Positional Plagiocephaly

The most common cause of a misshapen head during infancy is from position-dependent changes in the skull called positional plagiocephaly (deformational plagiocephaly) where the skull bones are abnormally shaped but all of the cranial sutures are open. These infants often have an area on the back of the head that is flatter on one side than the other from positioning of the head in the womb toward the end of pregnancy. As you might imagine, this is as space-related issue and positional plagiocephaly is more common in twins, triplets, etc. Early in life, infants have poor control of the head and are positioned on their back, which tends to cause them to rest on the flatter side more often. Occasionally the preference for lying on one side is caused by torticollis which is an abnormal tightness of the neck muscles that restricts turning the head to one side. 

The skull will grow in the path of least resistance. Since the head tends to come to rest on the flat area, the skull can't grow down so it grows away from the area of flatness which tends to worsen it. This pattern or worsening head shape is common if no intervention is taken in the first 4 months of life. Once the infant is able to hold their head up and roll over on their own, this relieves the area of flatness which will start to improve. The major differences between position-dependent changes and craniosynostosis are that the cranial deformity of craniosynostosis continues to worsen with time and carries an increased risk of elevated pressure in the skull, whereas deformational plagiocephaly is self-limited and does not carry an elevated risk for raised pressure in the skull. 

 In positional plagiocephaly (LEFT) there is shifting of the skull base, but no restriction of growth on one side versus the other. In lambdoid craniosynostosis (RIGHT) there is constriction of the growth on the right and increased (compensatory growth) on the left - indicated by the GREEN ARROW.

In positional plagiocephaly (LEFT) there is shifting of the skull base, but no restriction of growth on one side versus the other. In lambdoid craniosynostosis (RIGHT) there is constriction of the growth on the right and increased (compensatory growth) on the left - indicated by the GREEN ARROW.

  In positional plagiocepaly (LEFT) there are no upward or downward changes in the cranial base. In  lambdoid craniosynostosis  (RIGHT) there is constriction of the growth on the right (Red X) because of the closed suture and increased (compensatory growth) on the left - indicated by the GREEN ARROW. The bulge on the lower right part of the skull (Mastoid Bulge in dotted red circle) is characteristic of this form of craniosynostosis. The red line also shows how tilted the cranial base is from this compensatory downward growth.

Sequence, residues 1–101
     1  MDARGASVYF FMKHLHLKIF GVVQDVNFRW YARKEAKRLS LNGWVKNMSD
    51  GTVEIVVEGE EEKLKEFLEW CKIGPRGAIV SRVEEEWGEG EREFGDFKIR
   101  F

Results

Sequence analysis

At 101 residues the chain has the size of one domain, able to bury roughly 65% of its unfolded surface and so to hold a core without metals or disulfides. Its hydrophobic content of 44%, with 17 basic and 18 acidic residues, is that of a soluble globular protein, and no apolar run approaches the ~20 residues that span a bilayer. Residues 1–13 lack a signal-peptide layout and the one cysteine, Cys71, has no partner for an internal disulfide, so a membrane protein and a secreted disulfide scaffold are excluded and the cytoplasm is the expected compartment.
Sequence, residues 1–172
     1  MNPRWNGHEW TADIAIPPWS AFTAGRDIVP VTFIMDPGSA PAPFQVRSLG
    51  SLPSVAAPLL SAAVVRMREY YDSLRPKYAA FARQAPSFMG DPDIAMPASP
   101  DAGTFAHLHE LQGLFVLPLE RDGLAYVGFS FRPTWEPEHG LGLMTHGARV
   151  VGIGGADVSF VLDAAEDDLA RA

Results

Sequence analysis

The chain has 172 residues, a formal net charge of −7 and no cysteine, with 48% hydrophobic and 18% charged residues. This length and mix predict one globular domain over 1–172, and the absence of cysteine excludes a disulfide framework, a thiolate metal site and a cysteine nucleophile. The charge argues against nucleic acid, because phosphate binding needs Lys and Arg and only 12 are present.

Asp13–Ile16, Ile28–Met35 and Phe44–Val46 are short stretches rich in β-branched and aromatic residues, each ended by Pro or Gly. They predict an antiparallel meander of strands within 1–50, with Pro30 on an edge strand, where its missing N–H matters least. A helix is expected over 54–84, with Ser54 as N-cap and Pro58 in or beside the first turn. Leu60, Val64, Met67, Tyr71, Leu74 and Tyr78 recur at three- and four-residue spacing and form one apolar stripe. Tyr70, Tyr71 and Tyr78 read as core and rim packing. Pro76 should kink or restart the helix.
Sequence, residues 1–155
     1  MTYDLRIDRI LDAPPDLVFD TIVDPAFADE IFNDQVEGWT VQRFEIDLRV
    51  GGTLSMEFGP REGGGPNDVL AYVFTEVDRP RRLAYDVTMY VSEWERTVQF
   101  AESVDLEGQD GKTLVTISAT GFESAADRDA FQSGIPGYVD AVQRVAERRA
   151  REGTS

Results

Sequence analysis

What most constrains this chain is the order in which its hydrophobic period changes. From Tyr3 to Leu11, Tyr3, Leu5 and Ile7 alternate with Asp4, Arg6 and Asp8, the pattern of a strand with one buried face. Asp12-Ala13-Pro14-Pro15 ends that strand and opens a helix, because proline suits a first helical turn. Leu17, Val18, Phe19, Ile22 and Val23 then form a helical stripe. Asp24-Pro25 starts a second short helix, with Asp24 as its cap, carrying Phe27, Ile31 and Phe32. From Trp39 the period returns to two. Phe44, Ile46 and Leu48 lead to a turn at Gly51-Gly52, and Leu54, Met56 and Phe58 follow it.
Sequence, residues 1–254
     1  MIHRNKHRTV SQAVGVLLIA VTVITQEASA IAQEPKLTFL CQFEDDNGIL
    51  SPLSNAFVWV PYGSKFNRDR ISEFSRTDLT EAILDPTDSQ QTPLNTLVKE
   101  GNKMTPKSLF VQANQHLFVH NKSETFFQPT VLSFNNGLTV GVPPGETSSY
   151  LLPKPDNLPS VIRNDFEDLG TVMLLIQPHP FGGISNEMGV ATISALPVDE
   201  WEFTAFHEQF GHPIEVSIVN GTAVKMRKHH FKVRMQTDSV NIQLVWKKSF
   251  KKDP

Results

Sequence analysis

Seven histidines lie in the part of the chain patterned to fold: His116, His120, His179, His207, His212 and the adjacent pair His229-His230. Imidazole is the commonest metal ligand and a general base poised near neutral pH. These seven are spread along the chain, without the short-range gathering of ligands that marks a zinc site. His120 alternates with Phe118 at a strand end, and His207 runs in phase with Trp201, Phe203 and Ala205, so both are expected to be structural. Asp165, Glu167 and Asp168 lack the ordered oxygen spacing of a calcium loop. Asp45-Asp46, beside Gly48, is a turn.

In positional plagiocepaly (LEFT) there are no upward or downward changes in the cranial base. In lambdoid craniosynostosis (RIGHT) there is constriction of the growth on the right (Red X) because of the closed suture and increased (compensatory growth) on the left - indicated by the GREEN ARROW. The bulge on the lower right part of the skull (Mastoid Bulge in dotted red circle) is characteristic of this form of craniosynostosis. The red line also shows how tilted the cranial base is from this compensatory downward growth.

In most case of positional plagiocephaly no treatment is required to achieve a normal head shape, because the skull will even out over time. Often times I will recommend placing a rolled blanket or towel under the back on the side of flatness to encourage the baby to rest on the other side of the head. Occasionally, there may be more significant flatness that requires additional help in growing back into a more even head shape. In these circumstances a molding helmet is prescribed. This helmet does not apply pressure to the head. The molding helmet sits up against the areas of prominence and leaves space for the areas that are flat to grow into. Thus, the helmet is shaping growth of the skull in a more directed fashion. 

The earlier the helmet is applied, the more effective it will be. The latest that I prescribe a helmet is about 6 months of age, because the skull bones are starting to harden beyond this age which limits the amount of change obtained from a molding helmet. Once prescribed, a scan is created by an orthotist and then the helmet is fitted about a week later. Periodic visits are required with the orthotist to make adjustments to the helmet as the head grows. Occasionally more than one helmet is needed because the child outgrows the first one before treatment is complete. The helmet is usually worn until about 1 year of age.